Growth Conflicts: The Great Trinity Forest Dallas, Texas

Public-Private Commitments to Forest Recovery

A Case Study by Callahan Seltzer

Ecological Urbanism, Fall 2014
Professor Anne Whiston Spirn
Massachusetts Institute of Technology

DALLAS: Where Four Landscapes Meet
GROWTH PATTERNS: The Trinity Forest in Eras of Canalization, Suburbanization, and Degradation
REMEDIATION: The Trinity River Audubon Center
Analysis: Successes and Challenges
RECOVERY: The Trinity River Forest Management Plan
Analysis: Successes and Challenges


“It is time to employ one of the greatest human talents, the ability to manipulate the environment, to transform an environment that has become hostile to life itself, into a humane habitat which sustains life and nourishes growth, both personal and collective.” (Anne Whiston Spirn, 1984)

This case study examines two types of commitments the City of Dallas has made to repair and preserve an urban forest amidst various social, economic, and environmental pressures. The city has embarked on two separate, but related efforts to regrow and restore the Great Trinity Forest: 1) the development of the Trinity River Audubon Center (TRAC) in the south Dallas area known as Deepwood and 2) the creation of Great Trinity River Forest Management Plan.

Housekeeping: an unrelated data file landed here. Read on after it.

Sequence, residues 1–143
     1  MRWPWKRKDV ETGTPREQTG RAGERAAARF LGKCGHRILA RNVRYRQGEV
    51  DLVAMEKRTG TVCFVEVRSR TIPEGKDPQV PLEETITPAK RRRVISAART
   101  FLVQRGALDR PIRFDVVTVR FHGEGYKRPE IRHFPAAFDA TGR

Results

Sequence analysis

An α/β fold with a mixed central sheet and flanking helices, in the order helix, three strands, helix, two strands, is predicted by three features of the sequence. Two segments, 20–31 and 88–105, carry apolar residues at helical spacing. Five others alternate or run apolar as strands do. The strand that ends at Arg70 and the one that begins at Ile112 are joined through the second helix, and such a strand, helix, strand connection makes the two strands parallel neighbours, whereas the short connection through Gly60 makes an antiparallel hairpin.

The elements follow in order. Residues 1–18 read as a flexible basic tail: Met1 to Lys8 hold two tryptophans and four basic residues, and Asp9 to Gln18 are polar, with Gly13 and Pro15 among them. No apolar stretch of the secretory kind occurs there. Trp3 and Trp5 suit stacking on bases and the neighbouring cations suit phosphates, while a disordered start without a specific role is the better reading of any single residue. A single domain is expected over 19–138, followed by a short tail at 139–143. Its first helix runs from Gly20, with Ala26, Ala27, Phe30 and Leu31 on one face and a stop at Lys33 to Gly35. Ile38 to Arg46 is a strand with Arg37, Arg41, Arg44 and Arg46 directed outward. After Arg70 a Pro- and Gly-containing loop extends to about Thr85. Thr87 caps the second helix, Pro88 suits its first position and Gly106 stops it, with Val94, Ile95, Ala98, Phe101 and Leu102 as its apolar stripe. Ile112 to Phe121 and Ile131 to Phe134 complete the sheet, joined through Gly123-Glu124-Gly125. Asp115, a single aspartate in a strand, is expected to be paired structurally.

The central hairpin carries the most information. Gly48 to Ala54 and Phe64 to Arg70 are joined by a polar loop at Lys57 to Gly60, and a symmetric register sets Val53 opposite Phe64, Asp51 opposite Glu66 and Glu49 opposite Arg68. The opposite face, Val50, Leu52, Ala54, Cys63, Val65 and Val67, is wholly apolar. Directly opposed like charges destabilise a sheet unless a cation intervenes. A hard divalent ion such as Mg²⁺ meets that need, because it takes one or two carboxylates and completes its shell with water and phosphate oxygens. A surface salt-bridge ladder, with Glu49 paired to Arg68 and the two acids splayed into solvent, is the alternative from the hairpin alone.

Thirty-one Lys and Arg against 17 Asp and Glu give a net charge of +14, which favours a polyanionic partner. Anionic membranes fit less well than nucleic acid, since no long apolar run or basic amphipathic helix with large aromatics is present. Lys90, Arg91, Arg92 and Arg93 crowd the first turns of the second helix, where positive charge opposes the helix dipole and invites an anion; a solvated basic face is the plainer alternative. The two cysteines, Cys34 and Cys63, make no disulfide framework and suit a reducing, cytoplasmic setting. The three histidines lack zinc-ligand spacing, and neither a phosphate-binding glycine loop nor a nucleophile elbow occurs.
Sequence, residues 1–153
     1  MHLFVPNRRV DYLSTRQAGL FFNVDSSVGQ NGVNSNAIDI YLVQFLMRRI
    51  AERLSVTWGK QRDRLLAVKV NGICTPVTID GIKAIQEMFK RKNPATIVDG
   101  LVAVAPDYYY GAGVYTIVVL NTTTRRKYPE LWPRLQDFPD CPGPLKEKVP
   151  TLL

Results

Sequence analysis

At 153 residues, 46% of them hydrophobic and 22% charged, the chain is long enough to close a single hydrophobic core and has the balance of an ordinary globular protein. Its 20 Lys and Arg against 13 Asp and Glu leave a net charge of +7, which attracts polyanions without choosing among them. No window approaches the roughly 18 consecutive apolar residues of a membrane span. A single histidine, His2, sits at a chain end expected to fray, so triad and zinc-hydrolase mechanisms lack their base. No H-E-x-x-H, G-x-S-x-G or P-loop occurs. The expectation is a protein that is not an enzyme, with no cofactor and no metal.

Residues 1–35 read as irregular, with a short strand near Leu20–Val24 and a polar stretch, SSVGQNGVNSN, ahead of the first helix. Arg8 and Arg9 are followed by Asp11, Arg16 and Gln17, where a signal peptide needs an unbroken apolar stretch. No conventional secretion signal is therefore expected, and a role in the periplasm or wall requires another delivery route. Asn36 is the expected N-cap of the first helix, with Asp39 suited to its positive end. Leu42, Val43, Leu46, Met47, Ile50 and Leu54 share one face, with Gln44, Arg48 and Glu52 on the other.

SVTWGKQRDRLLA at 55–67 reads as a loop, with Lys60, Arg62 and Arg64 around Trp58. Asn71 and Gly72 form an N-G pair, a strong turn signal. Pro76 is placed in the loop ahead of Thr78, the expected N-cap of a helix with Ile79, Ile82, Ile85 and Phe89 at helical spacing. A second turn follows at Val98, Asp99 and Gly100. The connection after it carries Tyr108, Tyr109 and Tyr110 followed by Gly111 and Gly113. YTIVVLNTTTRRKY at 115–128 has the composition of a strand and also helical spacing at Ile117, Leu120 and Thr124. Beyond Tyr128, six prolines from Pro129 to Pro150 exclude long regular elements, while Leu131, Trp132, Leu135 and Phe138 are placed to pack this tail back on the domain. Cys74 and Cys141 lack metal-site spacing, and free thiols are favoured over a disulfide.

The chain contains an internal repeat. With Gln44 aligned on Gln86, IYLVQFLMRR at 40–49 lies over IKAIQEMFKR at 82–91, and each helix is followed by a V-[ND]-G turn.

Drawn from interviews, extensive document reviews, photography, and a site visit, the case attempts to answer two questions 1) how has the City of Dallas chosen to restore and protect this urban forest? 2) what can we learn from these approaches?

Exploration of these questions has revealed answers that are more sociospatial than scientific: a robust, multidimensional set of narratives of cultures, neighborhood histories, and relationships between humans and nature emerges, all growing together in the Trinity Forest.


Why Study The Great Trinity Forest?